Everything is going well, we even get a fantastic view of the Talbingo Dam which is remarked upon as to why we didn’t see this particular angle on the way up and this makes me wonder if I have lead us all astray. 20 metres on and we are at the edge of the cliff face, only a small mistake. Thankfully we only have to back track a short distance and we are on our way passed familiar landmarks. I must pay more attention on walks in the future.
It only takes us 1 hour and 20 minutes to return.
We get a lovely bonus of seeing an echidna strutting across the road on the way back and some delicious figs to take home.
Another creature enjoying a walk around the alpine countryside.
We leave the coast for the day and head up into the beautiful Otway forest on a very winding, narrow and bumpy road. When a sign comes up saying we have to share this already scary road with log trucks things become very interesting. Thank goodness we only meet one, not on a blind corner and it was without logs so we make it quite safely.
It is drizzling a little so I’m thinking our activity may be cancelled but apparently this place operates rain, hail or shine. It’s a bit of a wait so that makes me a little more nervous with a couple of trips to the loo. The thing is I’m going on a zip line with Dan and Jazz at the Otway Fly so although heights don’t worry me too much gliding along nothing but a line 30 metres above the ground at a fast pace did make me more than a little apprehensive. After some safety talks, a practice run we are off. On the way we get to experience some of the local wild life as we gather around a black snail, apparently carnivorous but as this one is smaller than the average garden snail I think we will be off the menu. It is rather special to see one so very happy about that – a good omen perhaps. We come to a tree with a stair case winding its way round to about half way, some 10 metres to a small platform, our first challenge and it is no longer raining. Jazz goes off with no worries at all, Dan warms up to it pretty quickly but my first go is scary as anything I have done. I now fear it will be this way the whole trip but standing 20 metres up in the tree somehow helps my confidence and watching the others I start to relax and go with it. All in all it was a fantastic experience and I would do it again in a heartbeat.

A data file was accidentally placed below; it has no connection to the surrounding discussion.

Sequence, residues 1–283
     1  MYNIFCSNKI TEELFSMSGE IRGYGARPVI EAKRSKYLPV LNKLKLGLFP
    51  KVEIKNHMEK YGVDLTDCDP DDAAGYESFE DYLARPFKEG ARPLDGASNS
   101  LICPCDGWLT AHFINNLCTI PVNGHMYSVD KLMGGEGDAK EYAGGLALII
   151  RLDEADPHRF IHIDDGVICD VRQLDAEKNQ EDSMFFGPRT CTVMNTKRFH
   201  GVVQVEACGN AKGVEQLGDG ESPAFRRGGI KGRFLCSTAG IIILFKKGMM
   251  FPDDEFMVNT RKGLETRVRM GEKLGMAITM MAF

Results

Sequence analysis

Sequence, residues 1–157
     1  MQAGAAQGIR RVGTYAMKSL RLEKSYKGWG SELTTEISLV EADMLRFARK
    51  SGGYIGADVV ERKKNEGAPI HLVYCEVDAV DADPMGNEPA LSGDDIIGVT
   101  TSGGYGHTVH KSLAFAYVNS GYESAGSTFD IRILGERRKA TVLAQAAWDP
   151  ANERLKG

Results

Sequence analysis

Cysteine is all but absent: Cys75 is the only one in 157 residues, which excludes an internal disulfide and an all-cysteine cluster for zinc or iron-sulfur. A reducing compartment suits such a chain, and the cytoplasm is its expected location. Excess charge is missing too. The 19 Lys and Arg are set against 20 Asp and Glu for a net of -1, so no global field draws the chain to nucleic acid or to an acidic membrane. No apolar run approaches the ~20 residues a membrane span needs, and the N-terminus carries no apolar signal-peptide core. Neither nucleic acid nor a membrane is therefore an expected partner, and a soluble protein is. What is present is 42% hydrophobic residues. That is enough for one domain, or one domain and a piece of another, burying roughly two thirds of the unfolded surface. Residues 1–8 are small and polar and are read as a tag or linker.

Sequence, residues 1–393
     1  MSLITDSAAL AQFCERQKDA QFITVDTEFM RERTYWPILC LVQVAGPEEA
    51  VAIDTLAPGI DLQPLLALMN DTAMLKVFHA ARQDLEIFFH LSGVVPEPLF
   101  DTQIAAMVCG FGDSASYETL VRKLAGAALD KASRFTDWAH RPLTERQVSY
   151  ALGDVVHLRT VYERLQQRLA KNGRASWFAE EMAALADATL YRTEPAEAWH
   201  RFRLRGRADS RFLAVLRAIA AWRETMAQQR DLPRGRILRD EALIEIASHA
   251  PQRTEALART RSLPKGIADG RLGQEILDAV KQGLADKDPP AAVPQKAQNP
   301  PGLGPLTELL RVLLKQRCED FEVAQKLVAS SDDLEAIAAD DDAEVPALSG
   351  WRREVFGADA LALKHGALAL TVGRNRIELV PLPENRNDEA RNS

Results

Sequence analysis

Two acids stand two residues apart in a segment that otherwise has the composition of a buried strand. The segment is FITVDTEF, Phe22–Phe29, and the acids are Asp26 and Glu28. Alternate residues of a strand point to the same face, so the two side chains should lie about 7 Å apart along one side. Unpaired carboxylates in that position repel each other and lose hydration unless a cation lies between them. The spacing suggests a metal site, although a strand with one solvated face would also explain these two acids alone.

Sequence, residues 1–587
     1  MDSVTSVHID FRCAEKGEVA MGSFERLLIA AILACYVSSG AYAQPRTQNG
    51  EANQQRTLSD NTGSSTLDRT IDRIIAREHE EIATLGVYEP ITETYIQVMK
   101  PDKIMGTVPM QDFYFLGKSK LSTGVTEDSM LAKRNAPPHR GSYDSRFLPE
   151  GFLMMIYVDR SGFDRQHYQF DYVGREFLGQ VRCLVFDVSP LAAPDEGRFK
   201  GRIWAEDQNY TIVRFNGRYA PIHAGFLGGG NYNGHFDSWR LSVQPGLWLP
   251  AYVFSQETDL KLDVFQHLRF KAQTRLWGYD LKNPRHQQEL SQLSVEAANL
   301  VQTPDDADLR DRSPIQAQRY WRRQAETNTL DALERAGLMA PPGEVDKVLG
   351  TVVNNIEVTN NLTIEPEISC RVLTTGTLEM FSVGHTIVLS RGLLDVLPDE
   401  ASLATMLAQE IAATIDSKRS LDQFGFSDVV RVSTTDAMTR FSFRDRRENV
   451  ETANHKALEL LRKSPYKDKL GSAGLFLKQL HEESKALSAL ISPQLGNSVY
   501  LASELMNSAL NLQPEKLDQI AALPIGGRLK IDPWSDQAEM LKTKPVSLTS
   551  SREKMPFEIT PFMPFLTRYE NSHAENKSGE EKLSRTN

Part of the zip line where we head back down across a very swingy swing bridge
After that great achievement the treetop walk was pretty easy although the tower in the centre was a challenge especially when you reach the top and the whole thing is swaying – we are now 47 metres from the ground. The forest is spectacular, Mountain Ash with its beautiful colours, the ancient Myrtle Beech, tiny ferns, a bubbling brook and loads and loads of tree ferns my absolute favourite plant.